Sunday, February 22, 2009

ANC 'has lost moral authority'

The ANC has consistently shrugged off political scandal, but with a strengthened opposition field nipping at its heels, the Carl Niehaus bombshell has caused it further embarrassment, with its leader Jacob Zuma due to go on trial in August.

Former chief party spokesperson Niehaus has admitted to forging signatures of government officials to secure a loan for his debt-ridden lifestyle, owing large sums of money, lying about degrees and sitting on various boards.

The most damning allegation for the ANC, however, was that it was aware of the forgery matter before appointing the former diplomat to be one of the main faces of its campaign for the April 22 polls.

"Despite purportedly being aware of his fraudulent conduct and unsustainable lifestyle, they elected to use him as party spokesperson," political commentator Michael Trapido recently wrote.

"Throwing him head-first into the build-up to the election battlefield was at best risky and at worst - as it is proving - calamitous."

Closing ranks around Zuma
The monolithic former liberation movement has had its share of embarrassment in recent years, often closing ranks around those tainted by fraud and corruption, most notably the hugely popular Zuma.

But now, with a dented image and facing a confused, angry public, the party which swept Nelson Mandela to power has been forced to become more sensitive about how it appears to voters.

Initially cautiously vowing to redeploy Niehaus who was Mandela's former spokesperson and jailed for nearly eight years for his opposition to apartheid, it accepted his resignation this week.

"Obviously the ANC is not very comfortable with these things that are happening. I think there should be unhappiness in terms of these events and their political implications," said analyst Bennitto Motitsoe.

"Voters, who have always trusted the ANC as the pioneer of this new democracy, are beginning to ask questions of leadership discipline which is disconcerting," said Motitsoe.

"The questions are not about policy and ideology, but about the conduct of leaders, those who are elected."

Saga confirms 'rot' in ANC
Opposition parties have been quick to make political mileage out of the scandal in a bid to rubbish the ANC's 2009 election promise to stamp out corruption.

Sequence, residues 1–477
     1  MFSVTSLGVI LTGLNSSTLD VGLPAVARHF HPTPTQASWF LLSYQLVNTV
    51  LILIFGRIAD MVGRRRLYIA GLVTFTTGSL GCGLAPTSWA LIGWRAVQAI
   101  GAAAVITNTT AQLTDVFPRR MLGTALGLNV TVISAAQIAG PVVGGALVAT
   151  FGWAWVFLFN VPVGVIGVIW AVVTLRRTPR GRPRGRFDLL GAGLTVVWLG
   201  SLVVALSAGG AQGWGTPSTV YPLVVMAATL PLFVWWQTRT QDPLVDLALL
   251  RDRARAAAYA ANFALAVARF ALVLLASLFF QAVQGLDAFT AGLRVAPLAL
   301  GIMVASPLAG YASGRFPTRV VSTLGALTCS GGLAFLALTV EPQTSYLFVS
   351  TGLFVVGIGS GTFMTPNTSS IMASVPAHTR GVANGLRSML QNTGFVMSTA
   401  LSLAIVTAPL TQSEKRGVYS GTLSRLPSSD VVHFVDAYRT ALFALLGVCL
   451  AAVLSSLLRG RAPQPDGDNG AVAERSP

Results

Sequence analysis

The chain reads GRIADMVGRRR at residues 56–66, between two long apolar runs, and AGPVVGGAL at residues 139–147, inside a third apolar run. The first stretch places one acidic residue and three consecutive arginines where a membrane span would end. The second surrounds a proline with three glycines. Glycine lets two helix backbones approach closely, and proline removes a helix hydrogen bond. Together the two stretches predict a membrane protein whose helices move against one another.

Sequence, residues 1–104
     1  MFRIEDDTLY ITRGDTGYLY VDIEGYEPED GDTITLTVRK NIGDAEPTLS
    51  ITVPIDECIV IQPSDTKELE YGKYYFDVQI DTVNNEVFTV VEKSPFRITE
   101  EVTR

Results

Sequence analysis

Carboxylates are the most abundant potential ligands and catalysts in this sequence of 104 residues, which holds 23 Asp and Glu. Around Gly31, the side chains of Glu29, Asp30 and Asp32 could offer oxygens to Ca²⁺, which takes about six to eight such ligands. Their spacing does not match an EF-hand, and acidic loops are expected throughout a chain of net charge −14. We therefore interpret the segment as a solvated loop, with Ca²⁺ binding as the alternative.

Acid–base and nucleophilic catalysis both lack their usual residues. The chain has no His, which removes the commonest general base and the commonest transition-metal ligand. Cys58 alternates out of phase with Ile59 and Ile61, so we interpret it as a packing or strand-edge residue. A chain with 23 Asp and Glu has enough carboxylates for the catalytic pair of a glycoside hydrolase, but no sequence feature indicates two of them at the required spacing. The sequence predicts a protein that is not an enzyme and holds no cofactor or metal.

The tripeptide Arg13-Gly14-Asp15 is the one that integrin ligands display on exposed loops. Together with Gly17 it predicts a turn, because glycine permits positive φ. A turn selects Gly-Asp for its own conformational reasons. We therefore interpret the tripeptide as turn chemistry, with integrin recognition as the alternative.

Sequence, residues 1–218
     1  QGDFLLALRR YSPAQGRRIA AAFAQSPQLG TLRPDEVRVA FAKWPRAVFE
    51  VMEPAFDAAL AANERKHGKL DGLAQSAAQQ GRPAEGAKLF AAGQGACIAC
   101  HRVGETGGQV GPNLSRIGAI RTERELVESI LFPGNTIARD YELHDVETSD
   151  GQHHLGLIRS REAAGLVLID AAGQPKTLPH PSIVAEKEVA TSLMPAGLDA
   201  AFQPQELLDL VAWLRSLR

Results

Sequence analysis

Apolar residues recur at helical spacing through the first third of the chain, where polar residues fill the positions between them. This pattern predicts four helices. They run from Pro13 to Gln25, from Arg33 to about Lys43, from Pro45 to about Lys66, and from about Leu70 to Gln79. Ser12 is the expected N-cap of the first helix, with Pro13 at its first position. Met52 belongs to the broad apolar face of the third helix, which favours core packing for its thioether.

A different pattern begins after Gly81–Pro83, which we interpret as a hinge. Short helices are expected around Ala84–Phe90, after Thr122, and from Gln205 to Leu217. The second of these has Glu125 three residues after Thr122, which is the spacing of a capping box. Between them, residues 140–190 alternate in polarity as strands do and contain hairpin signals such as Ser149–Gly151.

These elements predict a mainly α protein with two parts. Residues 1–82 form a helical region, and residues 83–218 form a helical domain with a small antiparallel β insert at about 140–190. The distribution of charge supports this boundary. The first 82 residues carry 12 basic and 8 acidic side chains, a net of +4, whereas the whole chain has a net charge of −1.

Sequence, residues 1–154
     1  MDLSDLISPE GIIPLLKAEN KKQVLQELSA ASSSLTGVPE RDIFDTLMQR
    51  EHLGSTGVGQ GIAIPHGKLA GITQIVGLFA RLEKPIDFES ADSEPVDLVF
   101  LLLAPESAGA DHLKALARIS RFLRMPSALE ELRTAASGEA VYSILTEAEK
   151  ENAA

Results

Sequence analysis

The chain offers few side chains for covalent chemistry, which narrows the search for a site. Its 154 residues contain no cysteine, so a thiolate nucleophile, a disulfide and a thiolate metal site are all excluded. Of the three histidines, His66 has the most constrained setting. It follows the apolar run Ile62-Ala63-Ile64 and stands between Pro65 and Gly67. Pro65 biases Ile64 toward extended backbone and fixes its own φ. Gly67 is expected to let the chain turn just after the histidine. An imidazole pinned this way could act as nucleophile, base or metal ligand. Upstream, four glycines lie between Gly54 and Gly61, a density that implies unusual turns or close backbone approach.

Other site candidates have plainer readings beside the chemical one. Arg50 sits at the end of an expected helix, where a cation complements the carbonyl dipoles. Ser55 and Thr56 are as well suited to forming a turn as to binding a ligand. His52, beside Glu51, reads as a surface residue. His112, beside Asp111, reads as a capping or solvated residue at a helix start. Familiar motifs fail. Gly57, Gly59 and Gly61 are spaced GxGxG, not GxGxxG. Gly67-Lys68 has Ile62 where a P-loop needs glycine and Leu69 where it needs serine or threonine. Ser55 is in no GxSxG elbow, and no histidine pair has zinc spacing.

The Congress of the People (Cope), a group of former ANC members looking to poach voters in April, attacked its rival for being "happy to harbour criminals", saying that the "saga confirms the rot" in the party.

The 2009 election is set to be the most fiercely contested since the ANC ended whites-only apartheid rule in 1994.

The heated campaign period last month saw media reports that ANC deputy head and President Kgalema Motlanthe had impregnated a young woman. The woman later confessed the claim was a lie.

The ANC, which won nearly 70% of the vote in 2004 and remains the April poll favourite, this week urged "deeper policy debates" rather than an attack on party failures.

But for political analyst Dirk Kotze, the ANC opened a Pandora's Box by wanting to carry Zuma to the presidency at all costs despite him facing charges of corruption, fraud, money-laundering and racketeering.

"What the ANC suffers from ... is the fact that through Zuma, and because of Zuma, they have lost the moral authority to talk about these things," he told AFP.

"That will follow Zuma right through his presidency."

1 Opinion(s):

Vince R said...

My, how stupid the elect are to have been duped for so long by this bunch of corrupt criminals. SA will get exactly what it deserves in these elections; with the oppossition as fragmented and limp wristed as ever, who can expect better? And don't even mention COPE. I can only say these words: Alan Poesak and Bishop Dandala. It helps me accept the English Winter and world recession with zen-like joy.